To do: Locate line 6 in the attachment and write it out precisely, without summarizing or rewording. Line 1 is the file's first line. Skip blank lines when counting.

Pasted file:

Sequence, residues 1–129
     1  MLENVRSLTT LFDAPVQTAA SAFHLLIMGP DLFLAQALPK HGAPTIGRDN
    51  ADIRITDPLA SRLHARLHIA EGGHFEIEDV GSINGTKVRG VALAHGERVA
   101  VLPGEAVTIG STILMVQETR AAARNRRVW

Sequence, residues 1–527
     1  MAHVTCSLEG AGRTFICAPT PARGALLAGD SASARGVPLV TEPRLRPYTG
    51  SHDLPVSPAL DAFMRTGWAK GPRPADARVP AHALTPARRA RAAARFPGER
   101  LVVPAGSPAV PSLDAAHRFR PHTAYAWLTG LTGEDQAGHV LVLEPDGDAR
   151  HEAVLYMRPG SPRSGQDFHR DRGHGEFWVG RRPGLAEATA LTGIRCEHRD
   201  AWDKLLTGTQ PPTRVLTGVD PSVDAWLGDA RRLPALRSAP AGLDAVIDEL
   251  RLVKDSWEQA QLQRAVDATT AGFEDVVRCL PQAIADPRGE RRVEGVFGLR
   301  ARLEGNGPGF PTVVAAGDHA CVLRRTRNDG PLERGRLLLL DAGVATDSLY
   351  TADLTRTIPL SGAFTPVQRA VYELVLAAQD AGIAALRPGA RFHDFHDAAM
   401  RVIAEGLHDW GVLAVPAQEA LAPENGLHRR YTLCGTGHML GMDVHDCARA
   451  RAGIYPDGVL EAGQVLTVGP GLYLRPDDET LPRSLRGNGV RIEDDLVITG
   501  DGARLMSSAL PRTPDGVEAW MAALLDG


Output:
     1  MAHVTCSLEG AGRTFICAPT PARGALLAGD SASARGVPLV TEPRLRPYTG